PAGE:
4. Avoid subjective language. Many real estate professionals are guilty of describing homes and features in only the most superlative terms. Having written for MLS for so long, they are used to marketing to other practicioners and tend to use exclamations instead of descriptions. To compete, every home has to be "breathtaking," "gorgeous," or "charming." Once you've said that, there is nothing more to say, and frankly, it isn't effective. Not to mention that the paper will cut out subjective language because it isn't factual and can't be proven. So a "fabulous entry" -- which really doesn't tell the reader anything at all -- will be shortened to "entry." Instead, take the reader on a walking tour. "Enter through double hand-carved, 12-paneled oak doors to a two-story onyx marble-floored foyer." Wouldn't you rather see this entry than a "fabulous" one?
  5. Remember who your audience is. In a feature story, you are marketing to the consumer, not your peers. So you will have to cut the Realtorspeak. Include stories about the owners, with examples of how they use and enjoy some of the home's features. "The versatile bonus room adjoining the master suite has served the present owners over the years as a nursery, exercise room, and study." That scenario opens intriguing possibilities for the prospective buyers, who want flexibility.
  6. Try to schedule an open house using the buddy system. An open house still remains one of the best ways to showcase a home, but don't try it alone. The results of a feature story could bring in overwhelming numbers of people, and you will find yourself spread too thin and putting the security of your seller's home at risk. Ask other salespeople to join you. Be sure to have copies of the feature article to give to prospective buyers, and save some for future listing presentations.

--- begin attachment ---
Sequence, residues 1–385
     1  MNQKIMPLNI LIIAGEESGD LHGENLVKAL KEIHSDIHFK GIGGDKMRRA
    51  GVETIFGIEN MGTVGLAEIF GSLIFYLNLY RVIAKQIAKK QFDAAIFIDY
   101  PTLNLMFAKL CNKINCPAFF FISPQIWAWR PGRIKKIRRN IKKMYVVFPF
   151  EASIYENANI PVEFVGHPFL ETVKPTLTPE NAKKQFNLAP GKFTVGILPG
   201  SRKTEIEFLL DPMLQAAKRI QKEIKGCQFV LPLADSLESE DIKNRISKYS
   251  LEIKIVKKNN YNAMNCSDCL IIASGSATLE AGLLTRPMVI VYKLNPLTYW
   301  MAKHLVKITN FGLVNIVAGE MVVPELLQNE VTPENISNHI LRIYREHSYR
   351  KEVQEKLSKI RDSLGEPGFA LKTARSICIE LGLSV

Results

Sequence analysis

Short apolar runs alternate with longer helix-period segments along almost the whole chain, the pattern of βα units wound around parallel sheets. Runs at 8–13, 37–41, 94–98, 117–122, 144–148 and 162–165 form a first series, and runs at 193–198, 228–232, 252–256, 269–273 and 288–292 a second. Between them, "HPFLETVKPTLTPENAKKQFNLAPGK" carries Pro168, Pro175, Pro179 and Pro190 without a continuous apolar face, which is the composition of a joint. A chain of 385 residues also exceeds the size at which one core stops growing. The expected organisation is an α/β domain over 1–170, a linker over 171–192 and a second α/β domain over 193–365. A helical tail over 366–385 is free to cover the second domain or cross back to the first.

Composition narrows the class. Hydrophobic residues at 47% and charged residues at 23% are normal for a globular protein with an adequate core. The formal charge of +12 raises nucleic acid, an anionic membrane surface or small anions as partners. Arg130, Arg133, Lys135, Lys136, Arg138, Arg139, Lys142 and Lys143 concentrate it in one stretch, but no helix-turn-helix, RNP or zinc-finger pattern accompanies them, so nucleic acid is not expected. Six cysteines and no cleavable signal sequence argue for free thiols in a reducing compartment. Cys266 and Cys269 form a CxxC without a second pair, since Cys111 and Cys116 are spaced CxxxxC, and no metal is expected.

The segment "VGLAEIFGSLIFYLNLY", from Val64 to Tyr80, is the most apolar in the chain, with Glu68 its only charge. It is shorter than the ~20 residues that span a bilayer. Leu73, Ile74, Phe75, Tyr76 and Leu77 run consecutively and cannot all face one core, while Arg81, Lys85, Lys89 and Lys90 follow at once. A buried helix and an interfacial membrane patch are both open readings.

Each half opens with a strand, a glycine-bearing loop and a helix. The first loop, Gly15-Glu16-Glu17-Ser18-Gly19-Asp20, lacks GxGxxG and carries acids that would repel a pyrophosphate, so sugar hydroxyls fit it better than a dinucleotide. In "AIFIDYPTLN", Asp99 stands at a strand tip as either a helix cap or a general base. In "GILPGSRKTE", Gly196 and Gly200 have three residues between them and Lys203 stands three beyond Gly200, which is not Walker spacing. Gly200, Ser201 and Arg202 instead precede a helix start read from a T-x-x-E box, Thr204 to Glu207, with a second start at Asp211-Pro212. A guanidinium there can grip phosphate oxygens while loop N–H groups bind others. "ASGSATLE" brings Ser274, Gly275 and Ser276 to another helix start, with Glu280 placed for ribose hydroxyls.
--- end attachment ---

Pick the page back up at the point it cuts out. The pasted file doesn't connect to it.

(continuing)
7. It doesn't hurt to toot your own horn. You can put in a quote from yourself, telling what you feel about the home, location, or another feature. If you are a specialist in this type of home, have won an award, or have been recognized as a top producer, stick that in, too.
  8. Sell more than the home. Buyers buy for a number of reasons. Often they shop location first, neighborhood second, and home, third. Be sure to include descriptions of neighborhood amenities, such as schools, parks, shopping, and services. Name nearby business centers or major employers.
  9. Don't use free editorial to save a listing or to market a stinker. How long would Nordstrom's or Neiman's be in business if they only advertised their worst merchandise? You owe it to yourself to use your free editorial to help you develop a reputation in the marketplace. You owe it to your clients, too. And as for saving a listing, seldom will a seller extend the listing because of a feature story. If it is that close to the wire, they are already talking to other agents or planning to remove the home from the market. Why would you want to advertise a property from which you won't collect a commission when it sells? Unless your seller will contract with you for at least three months or more after the article is published, it isn't worth your time or your broker's money.

(c) Copyright 2003 Realty Times. Reprinted with permission.

Blanche Evans is a writer/editor and CEO of evansEmedia. Formerly, she was a senior editor with Realty Times, where she was named by REALTOR® Magazine as one of the most influential people in the real estate industry.